Tuesday, March 25, 2008

TTAB Affirms 2(a) Deceptiveness Refusal of "MINK BIKINI" for Minkless Clothing

Despite Applicant Closet Clothing Co.'s amendment excluding bikini swimwear and clothing made of mink from its application, the Board found the mark MINK BIKINI to be deceptive for various articles of outerwear, and it affirmed that PTO's 2(a) refusal to register the mark on the Supplemental Register. In re Closet Clothing Co. Limited, Serial No. 76623748 (March 5, 2008) [not precedential].


The Board applied its three-part 2(a) deceptiveness test: (1) is the term misdescriptive of the character, quality, function, composition, or use of the goods?; (2) are prospective purchasers likely to believe that the misdescription actually describes the goods?; and (3) is the misdescription likely to affect the decision to purchase?

The Board found no doubt that MINK BIKINI is misdescriptive of the goods. Moreover, Applicant's exclusion of "biking swimwear, bikini underwear, and all other types of bikini clothing and all clothing make of mink" did not avoid the deceptiveness refusal.

Applicant argued that customers "could not possibly mistake something like silk (which some of its goods are made of) for mink." However, Applicant "has not excluded articles made of other types of fur, or even fake fur, which could be mistaken for mink." Of course, consumers would not likely know that Applicant had excluded mink or bikinis from its trademark registration.

Turning to the second question, the evidence indicated that the customers for Applicant's goods (ordinary items of women's clothing) would believe that MINK BIKINI describes the goods -- i.e., that the goods contain mink. Applicant's arguments regarding the sophistication of its customers was unavailing, since its identification of goods contained no restrictions as to channels of trade or classes of purchasers.

As to the third issue, the Board found that mink is "perceived by prospective purchasers as a luxury and high-quality item that imbues the owner with status and would materially affect the purchasing decision."

Bikini Atoll

Applicant imaginatively but futilely contended that Examining Attorney Ingrid Eulin disregarded "why the mark works." According to Applicant, the misdescriptiveness of the mark comes from the phrase MINK BIKINI, not just the word "mink" in isolation:

"[J]oining the words 'MINK' and "BIKINI' to create a trademark for the relevant goods results in a mark so highly misdescriptive -- in fact, so ironic -- that the prospective purchasers are simply not likely to believe that the mark actually describes the goods or to be influenced by the misdescription."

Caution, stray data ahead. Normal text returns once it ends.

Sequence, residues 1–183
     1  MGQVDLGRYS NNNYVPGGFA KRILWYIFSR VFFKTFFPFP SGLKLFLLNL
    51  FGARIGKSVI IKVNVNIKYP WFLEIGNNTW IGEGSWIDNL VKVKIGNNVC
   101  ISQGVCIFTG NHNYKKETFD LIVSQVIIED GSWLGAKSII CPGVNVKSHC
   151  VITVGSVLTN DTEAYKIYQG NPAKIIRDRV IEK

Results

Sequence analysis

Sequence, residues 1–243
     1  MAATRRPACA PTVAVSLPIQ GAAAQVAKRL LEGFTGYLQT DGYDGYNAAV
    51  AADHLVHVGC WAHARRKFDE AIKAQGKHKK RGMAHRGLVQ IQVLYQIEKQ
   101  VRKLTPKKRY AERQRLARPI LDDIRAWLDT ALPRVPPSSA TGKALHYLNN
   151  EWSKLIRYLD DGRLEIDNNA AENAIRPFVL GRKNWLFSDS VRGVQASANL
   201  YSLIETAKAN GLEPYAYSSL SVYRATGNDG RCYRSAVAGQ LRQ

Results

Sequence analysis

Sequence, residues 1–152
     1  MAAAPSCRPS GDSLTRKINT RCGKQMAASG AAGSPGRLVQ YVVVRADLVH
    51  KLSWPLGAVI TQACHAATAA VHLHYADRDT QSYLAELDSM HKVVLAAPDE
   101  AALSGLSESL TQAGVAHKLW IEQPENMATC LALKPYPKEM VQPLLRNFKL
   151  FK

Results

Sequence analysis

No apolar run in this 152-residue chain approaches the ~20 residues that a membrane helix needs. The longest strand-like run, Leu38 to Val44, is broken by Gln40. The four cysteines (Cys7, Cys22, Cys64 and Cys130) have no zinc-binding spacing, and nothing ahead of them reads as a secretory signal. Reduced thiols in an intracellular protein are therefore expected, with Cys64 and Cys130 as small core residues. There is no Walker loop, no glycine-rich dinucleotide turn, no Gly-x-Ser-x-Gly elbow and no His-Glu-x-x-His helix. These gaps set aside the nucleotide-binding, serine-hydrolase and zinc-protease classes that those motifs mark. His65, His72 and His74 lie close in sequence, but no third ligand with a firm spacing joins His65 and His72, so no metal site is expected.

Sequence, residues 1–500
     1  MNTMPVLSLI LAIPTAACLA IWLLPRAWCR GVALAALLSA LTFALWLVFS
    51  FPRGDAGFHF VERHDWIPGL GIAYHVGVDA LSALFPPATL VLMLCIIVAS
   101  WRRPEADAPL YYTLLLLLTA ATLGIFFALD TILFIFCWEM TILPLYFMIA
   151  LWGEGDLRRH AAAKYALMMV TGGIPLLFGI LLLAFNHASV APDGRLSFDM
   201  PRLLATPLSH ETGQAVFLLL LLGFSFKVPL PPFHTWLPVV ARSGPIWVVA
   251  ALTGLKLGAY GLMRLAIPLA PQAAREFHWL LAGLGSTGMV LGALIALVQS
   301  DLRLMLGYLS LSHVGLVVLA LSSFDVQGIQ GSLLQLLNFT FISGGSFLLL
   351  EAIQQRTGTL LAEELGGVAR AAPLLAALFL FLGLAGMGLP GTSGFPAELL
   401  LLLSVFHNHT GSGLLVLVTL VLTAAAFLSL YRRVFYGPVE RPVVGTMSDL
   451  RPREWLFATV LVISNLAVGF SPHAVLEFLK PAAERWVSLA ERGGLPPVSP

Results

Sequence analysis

The Board, however, pointed out that the entire mark need not be deceptive in order to support a 2(a) deceptiveness refusal. Furthermore, the Board did not find any "irony" or incongruity in MINK BIKINI such that purchasers would not believe the misdescription. Bikinis made of mink are available and have been "exposed to the public through celebrities and well-distributed fashion photographs."

The Board concluded that the mark is deceptive, and it affirmed the refusal to register under Section 2(a).

TTABlog comment: Would a customer looking at a jacket bearing the brand name MINK BIKINI think that the fur on the collar of the jacket was mink? I think that's quite possible, and I think the Board got this one right. Why would the jacket purchaser know that bikinis were not sold under the mark, nor were any mink-containing goods.? Why wouldn't the customer think that the MINK BIKINI brand owner also sold mink bikinis and other mink clothing items, and that the fur on the jacket was also mink?

Suppose the mark at issue comprised the words BIKINI MINK accompanied by a design showing a mink (the animal) romping in the Marshall Islands? Would that matter atoll? Perhaps.

Seriously, though, compare this case to the Board's recent MINK decision (blogged here) in which that mark was found to be both deceptive under Section 2(a) and deceptively misdescriptive under Section 2(e)(1). Why did MINK BIKINI face only the 2(a) refusal? The answer lies in the fact that the instant Applicant was seeking a Supplemental Registration, and a mark refused under Section 2(e)(1) is still eligible for registration on the Principal Register under Section 2(f). A deceptive mark is not eligible for registration at all (or atoll).

Text Copyright John L. Welch 2008.


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